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I think you might want to read that quote again more carefully KJ. Its simply describing the shape of the nose, which doesn't say anything about the ASG-18's antenna (other than it fitted in a chined nose).
 

F-14D

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KJ_Lesnick said:
Dear Overscan,

That's the quote that I've seen before, and it would explain why it seemed so reliable. (The reason I expressed confusion though is because the YF-12C was actually an SR-71 and, I was wondering if that was the story they all agreed on back in the 1970's to explain away the YF-12C, which was an SR-71, looking just like an SR-71.)

The one thing that doesn't seem to make much sense was his account about why the F-12B was cancelled -- I thought it was because McNamara wanted to use the USAF F-111 as an interceptor, and when Congress balked at the issue, and kept pressing, to force the issue he ordered all the A-12/YF-12/SR-71/M-21's tooling destroyed, not to "waste more money in Vietnam". (Mr. Eaton could be right though for all I know however)
Actually, the F-111 interceptor story is exactly right. In fact, congress funded the F-12B, McNamara impounded the money. The reason for the destruction of the Blackbird line was to insure that no serious rival to his "Wonderplane" would exists. The impact on the SR-71 was incidental "collateral damage" as far as he was concerned.
 

KJ_Lesnick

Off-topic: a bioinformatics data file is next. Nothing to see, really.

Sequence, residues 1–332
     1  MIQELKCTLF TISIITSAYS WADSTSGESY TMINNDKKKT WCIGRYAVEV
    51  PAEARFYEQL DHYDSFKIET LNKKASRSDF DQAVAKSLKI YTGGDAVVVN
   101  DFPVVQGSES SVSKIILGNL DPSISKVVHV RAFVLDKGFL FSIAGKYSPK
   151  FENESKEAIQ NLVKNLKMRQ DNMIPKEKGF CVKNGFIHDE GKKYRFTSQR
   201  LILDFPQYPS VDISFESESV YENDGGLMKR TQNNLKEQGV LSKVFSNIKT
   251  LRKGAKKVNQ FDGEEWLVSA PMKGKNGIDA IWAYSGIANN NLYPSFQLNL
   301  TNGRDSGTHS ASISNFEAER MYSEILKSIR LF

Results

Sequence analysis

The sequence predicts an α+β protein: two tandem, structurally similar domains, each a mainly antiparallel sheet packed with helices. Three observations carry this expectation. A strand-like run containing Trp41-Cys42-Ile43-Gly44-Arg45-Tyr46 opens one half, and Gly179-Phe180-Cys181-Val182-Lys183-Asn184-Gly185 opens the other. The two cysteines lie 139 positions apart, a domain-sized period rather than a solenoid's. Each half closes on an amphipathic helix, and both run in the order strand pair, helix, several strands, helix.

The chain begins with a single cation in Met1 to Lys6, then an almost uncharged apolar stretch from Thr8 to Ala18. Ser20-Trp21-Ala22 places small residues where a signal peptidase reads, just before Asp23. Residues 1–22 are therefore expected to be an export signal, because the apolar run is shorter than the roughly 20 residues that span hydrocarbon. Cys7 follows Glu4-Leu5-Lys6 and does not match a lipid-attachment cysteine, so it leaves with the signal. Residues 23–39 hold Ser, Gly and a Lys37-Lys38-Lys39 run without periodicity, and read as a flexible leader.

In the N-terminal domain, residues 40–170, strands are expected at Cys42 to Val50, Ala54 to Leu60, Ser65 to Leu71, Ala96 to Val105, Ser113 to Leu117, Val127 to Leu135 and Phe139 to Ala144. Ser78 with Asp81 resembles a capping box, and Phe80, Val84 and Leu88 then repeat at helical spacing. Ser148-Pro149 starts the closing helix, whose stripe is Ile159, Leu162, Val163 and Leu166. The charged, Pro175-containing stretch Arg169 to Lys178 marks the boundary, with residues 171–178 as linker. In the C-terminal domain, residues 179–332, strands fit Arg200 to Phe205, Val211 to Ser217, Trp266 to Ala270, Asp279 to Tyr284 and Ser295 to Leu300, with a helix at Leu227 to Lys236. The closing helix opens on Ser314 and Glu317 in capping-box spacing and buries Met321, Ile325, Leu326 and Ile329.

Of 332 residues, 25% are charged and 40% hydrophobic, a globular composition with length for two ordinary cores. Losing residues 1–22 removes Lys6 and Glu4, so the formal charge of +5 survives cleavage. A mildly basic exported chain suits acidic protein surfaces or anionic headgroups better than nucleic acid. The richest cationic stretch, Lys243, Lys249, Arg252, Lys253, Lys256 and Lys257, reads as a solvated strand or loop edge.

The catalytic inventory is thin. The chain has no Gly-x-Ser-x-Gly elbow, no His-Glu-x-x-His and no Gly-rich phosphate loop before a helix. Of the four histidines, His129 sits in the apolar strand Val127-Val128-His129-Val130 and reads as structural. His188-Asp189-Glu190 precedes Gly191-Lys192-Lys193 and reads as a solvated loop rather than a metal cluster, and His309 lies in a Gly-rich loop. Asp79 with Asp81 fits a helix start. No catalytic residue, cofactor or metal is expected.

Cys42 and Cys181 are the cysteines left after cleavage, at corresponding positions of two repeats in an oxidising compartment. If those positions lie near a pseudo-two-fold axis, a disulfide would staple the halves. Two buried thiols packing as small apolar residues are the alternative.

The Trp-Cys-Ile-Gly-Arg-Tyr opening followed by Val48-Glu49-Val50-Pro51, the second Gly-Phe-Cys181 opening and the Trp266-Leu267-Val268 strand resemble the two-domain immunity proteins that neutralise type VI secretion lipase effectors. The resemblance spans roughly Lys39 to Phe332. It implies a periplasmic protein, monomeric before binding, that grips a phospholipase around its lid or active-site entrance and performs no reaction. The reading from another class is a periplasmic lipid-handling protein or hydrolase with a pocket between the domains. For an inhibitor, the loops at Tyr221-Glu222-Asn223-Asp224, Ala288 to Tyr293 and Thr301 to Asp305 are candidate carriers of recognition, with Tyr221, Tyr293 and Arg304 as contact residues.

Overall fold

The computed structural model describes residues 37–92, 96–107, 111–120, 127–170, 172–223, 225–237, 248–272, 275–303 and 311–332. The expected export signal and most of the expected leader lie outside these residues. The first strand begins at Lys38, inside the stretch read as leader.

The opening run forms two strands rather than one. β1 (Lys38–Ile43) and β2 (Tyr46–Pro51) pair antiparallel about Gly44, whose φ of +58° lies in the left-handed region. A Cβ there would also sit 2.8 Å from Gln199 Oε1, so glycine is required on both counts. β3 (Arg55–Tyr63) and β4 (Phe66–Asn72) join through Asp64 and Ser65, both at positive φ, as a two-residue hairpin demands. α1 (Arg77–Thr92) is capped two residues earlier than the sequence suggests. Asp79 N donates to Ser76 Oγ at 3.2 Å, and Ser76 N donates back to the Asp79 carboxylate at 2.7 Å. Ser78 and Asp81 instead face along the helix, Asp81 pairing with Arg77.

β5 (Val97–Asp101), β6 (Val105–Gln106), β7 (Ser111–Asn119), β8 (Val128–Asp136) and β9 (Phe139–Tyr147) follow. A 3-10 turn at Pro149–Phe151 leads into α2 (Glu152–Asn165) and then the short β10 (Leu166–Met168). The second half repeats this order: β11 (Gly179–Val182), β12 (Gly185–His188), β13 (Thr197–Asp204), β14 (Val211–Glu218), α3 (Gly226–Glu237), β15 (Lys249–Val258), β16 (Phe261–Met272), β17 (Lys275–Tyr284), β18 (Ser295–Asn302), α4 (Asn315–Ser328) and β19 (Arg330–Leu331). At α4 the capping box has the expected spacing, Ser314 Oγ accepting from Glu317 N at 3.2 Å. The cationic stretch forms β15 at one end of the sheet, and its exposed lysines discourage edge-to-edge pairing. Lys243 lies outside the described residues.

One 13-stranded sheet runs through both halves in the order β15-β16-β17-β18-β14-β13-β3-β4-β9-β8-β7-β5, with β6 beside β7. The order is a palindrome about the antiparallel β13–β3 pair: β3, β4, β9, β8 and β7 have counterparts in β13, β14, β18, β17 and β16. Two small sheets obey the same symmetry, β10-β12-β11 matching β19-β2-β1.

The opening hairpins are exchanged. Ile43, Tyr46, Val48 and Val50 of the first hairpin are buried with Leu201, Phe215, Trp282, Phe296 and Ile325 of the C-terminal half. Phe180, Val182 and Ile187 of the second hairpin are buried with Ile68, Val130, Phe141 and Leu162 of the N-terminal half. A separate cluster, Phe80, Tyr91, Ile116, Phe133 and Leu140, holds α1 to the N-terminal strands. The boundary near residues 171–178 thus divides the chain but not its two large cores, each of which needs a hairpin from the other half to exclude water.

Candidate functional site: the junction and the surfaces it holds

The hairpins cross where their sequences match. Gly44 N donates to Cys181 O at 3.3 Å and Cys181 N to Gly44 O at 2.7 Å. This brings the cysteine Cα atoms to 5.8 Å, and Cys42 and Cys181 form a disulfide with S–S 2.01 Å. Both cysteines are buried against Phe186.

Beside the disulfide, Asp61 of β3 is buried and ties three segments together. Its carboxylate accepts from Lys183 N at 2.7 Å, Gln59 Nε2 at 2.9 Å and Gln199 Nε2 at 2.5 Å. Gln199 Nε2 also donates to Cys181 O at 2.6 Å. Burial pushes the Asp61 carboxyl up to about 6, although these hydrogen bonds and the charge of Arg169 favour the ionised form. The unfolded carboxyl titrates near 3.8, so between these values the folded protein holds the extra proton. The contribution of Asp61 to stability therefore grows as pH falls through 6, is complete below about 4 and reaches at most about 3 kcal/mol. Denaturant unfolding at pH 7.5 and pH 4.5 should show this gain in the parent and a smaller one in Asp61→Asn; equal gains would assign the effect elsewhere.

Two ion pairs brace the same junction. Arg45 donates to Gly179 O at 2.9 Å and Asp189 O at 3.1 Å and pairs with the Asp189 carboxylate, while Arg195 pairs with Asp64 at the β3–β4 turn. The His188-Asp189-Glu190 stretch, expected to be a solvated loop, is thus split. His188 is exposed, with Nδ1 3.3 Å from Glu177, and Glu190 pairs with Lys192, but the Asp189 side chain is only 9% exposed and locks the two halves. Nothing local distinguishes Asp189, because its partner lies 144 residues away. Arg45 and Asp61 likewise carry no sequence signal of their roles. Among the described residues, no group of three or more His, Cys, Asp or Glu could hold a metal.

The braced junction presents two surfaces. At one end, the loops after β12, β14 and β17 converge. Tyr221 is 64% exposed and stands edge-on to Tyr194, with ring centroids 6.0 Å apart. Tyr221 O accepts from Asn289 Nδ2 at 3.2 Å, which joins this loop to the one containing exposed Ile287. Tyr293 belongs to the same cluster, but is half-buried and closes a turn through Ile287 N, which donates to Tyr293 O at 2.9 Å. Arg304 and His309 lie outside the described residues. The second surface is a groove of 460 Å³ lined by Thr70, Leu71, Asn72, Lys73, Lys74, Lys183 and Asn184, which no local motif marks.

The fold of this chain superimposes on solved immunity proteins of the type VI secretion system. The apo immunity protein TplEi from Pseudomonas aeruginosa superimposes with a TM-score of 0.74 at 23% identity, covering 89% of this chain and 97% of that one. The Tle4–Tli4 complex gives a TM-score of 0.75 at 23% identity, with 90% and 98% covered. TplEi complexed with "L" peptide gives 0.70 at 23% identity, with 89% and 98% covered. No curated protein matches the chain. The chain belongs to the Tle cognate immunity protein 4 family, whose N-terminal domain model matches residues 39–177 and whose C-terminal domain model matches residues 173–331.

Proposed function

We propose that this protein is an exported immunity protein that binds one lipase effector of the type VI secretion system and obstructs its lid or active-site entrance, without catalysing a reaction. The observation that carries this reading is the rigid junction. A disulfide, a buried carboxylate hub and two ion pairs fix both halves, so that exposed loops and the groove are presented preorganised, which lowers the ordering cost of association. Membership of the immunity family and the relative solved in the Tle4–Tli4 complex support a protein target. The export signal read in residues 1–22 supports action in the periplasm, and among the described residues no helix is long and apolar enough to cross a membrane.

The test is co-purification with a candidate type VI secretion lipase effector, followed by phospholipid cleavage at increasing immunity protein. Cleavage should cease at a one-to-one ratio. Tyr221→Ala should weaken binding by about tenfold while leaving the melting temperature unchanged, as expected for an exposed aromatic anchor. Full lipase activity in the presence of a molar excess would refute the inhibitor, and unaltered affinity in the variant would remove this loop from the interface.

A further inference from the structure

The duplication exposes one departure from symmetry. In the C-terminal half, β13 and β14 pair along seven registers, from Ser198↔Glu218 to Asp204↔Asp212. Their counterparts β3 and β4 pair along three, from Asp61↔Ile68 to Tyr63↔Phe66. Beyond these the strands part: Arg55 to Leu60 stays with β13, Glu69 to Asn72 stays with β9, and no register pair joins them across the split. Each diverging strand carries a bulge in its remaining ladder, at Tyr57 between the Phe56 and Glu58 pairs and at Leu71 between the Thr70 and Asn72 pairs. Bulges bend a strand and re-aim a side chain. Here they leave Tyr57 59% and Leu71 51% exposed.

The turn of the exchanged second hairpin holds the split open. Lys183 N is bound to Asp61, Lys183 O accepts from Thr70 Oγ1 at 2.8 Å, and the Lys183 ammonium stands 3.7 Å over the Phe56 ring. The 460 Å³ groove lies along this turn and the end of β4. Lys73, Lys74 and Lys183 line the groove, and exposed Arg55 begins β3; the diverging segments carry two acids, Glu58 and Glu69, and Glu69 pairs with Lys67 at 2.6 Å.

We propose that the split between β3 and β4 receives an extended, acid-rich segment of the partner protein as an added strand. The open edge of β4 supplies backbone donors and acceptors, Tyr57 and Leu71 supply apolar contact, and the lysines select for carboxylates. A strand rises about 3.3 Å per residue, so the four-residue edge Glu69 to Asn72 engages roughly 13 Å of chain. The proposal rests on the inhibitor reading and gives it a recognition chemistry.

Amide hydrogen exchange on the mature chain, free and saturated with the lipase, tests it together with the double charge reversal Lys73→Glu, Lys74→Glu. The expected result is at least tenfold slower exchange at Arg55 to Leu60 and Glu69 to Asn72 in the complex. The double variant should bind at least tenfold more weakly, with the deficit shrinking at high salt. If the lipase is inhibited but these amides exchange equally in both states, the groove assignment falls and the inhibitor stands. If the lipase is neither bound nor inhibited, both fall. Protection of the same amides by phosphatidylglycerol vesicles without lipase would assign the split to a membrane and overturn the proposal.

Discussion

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overscan,

Yeah, I misread it. Sorry about that.


F-14D,

Thanks for the verification. In either case, what an insane decision on McNamara's part huh?


KJ Lesnick
 

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KJ_Lesnick said:
overscan,

Yeah, I misread it. Sorry about that.


F-14D,

Thanks for the verification. In either case, what an insane decision on McNamara's part huh?


KJ Lesnick


Yeah, one of many. He was consistent that way, but in his mind his ego and image were paramount. All else was secondary or of no importance.
 

Kiltonge

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Lt Gen Dick Leavitt, Ret, writes briefly about the F-12 in his book 'Following the Flag' ( Air University Press, 2010 ).

He discusses his team's work on proving that AMSA could theoretically survive against the F-12, playing the role of a hypothetical best-in-class opposing interceptor:

We realized AMSA survival against the Red F-12 depended upon shrinking the time and distance for engagement
and making the AIM-47 miss before it could explode near the AMSA.

Our analyses showed the biggest payoffs for the AMSA came from combining speed and stealth. Stealth was relatively new
in 1966, and there was a great deal of skepticism surrounding the subject. Our study stressed the importance of reducing
the RCS of the AMSA to delay detection and to avoid radar-guided missiles.


The principal advocate for the F-12 in DCS Plans and Operations was a general who was very critical of our crediting the
AMSA with a significantly reduced RCS.

He knew that the F-12 would be ineffective if it could not detect the AMSA in time to launch the AIM-47. We arranged a visit for the
general to the Wright-Patterson AFB laboratory, which was developing ways to reduce radar cross sections.

Upon his return, the general called from his office. “Leavitt, you have killed the F-12.”